Paramoecium and Opalina are two protists with multiple nuclei.
Name a plant cell with multiple nuclei and another without nucleus.
Coenocytic hyphae of fungi have many nuclei while matured seive tube cells do not have nucleus.
Name a human cell which has multiple nuclei and one which has no nucleus.
Voluntary muscle fibres have many nuclei, whereas, matured red blood cells do not have any nucleus in human.
What is nucleoplasm or karyolymph? Mention its functions.
- The transparent, viscous and granular matrix of nucleus that holds chromatin reticula, is called nucleoplasm or karyolymph.
- Functions: Nucleoplasm acts as a site for synthesis of DNA and RNA. It also transports essential materials those involve in vital metabolism and cell function.
What are chromatin reticula? Mention its function.
- Chromatin reticula: Chromatin reticula are the network of several fine thread-like structures, made up of DNA and histone protein, spread in the nucleoplasm of an eukaryotic cell.
- Function: DNA in chromatin material regulate protein synthesis and carry hereditary characteristics from parents to off-spring by giving rise to chromosomes before cell division.
What is chromosome? Mention its function.
- Chromosome: Chromosome is a fine threadlike, self-replicating nucleoprotein structure, created from chromatin reticulum, inside the nucleus of eukaryotic cells, just before cell division.
- Function: Chromosomes contain genetic material DNA which in turn carries hereditary characters from one generation to the next.
What is meant by euchromatin and heterochromatin?
- Euchromatin: The portions of chromatin reticula which are faintly stained with chromosomal stain, are called euchromatin.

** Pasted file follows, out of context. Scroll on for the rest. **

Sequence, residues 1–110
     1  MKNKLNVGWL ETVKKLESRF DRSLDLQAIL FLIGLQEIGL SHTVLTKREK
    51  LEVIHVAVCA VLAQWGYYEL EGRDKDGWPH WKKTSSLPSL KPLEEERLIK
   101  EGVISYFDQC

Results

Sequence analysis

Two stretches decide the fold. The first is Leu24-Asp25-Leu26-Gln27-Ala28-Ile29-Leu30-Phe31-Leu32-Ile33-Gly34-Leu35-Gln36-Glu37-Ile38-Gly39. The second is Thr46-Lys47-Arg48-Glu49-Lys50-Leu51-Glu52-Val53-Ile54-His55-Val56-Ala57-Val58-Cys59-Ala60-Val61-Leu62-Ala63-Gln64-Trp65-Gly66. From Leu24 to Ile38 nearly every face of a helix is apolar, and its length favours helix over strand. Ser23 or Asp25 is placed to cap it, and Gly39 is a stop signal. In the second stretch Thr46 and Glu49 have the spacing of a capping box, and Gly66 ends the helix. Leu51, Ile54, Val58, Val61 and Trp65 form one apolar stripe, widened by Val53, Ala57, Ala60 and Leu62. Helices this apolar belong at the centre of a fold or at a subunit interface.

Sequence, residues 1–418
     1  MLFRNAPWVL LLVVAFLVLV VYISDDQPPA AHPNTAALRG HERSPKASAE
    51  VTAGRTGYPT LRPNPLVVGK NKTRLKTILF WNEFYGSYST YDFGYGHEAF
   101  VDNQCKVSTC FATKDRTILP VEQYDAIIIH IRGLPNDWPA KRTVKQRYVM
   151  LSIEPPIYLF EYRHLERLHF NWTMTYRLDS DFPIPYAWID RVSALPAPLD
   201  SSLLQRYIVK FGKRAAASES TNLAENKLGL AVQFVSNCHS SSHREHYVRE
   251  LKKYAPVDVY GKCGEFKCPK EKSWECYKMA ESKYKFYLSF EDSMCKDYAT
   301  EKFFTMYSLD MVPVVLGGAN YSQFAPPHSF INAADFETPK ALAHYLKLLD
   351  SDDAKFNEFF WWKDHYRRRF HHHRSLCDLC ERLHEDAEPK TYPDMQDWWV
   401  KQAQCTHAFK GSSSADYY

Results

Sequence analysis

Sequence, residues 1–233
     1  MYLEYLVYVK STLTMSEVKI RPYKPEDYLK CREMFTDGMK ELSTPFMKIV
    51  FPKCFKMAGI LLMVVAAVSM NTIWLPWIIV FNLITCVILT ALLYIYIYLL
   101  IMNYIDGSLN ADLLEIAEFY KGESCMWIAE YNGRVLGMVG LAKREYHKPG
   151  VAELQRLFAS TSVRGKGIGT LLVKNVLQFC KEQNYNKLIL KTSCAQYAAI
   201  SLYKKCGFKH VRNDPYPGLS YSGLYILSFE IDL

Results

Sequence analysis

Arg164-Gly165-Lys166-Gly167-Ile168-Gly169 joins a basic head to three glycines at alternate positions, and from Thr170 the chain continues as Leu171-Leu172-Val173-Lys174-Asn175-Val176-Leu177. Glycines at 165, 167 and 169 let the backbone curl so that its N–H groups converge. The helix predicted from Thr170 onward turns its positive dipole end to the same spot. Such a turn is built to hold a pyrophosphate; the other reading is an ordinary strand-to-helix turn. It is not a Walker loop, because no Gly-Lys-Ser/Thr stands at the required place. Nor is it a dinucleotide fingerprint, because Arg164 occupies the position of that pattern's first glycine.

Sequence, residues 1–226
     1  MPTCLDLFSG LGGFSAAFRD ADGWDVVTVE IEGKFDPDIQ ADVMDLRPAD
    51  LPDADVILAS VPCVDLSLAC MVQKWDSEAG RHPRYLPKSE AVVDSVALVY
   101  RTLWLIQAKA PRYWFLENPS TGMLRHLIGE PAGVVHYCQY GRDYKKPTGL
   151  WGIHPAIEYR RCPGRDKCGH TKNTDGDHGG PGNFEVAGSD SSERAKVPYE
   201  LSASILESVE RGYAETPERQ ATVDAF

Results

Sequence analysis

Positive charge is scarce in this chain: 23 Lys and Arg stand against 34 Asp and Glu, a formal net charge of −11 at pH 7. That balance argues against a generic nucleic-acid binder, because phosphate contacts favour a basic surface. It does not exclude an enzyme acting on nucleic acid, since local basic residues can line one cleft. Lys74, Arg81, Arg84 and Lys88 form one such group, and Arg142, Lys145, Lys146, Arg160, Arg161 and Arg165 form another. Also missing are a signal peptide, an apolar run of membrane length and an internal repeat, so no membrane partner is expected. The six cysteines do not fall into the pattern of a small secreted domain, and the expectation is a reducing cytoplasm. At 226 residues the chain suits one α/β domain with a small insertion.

- Heterochromatin: The portions of chromatin reticula which are intensely stained with chromosomal stain, are called heterochromatin.
What is gene? Where does it occur?
- Gene: A gene is the specific portion of a DNA that commands a definite protein synthesis or carries a particular hereditary character from one generation to the next.
- Occurrence of gene: Gene occurs in DNA within chromosomes of eukaryotic cells. In prokaryotic cells it occurs in its naked DNA.
Why mitochondrion is called the power house of a cell?
The main energy generating reactions of respiration, i.e. Krebs cycle and electron transport occurs in mitochondrion. Through these reactions, energy is liberated from food by oxidation and is stored in ATP. These ATP molecules are kept in mitochondrial matrix for future utilisation. Therefore, mitochondrion is called the power house of cell.
What does a nucleus do within a cell?
Role of nucleus within a cell are as follows:
- Nucleus controls the overall activity of a living cell by regulating gene expression.
- It plays the main role in cell division.
- Nucleus carries hereditary features from mother cell to daughter cell through the DNA in chromosomes.
Apart from energy generation, which other functions does mitochondrion perform in a cell?
Different functions of mitochondrion are as follows-
- Mitochondria can synthesise amino acids to make their own protein as they have their own DNA.
- They help in the metabolism of fatty acids and synthesise cytochrome and many other biomolecules.
Mention the functions of different plastids.
The functions of different plastids are as follows-
- Chloroplastids act as the site of photosynthesis in green plants.
- Chromoplastids help to develop the colour of flowers and fruits.
- Leucoplastids store food matters within plant cells in the form of starch.
What do you mean by primary lysosome? Define secondary lysosome.
- Primary lysosome: Newly produced lysosomes are called as primary lysosomes. These lysosomes do not take part in digestion as their enzymes remain in granular form.
- Secondary lysosome: Secondary lysosomes actively take part in digestion in presence of different hydrolytic enzymes like protease, lipase, nucleosidase and phosphatase.
Why are lysosomes called suicidal bags?
Any cell may show disturbances in cellular metabolism when it sustains an injury or becomes aged. Then the lysosomal vesicles within it bursts to release enzymes in the cytoplasm, which digest the cell within itself. Due to this, lysosomes are called suicidal bags.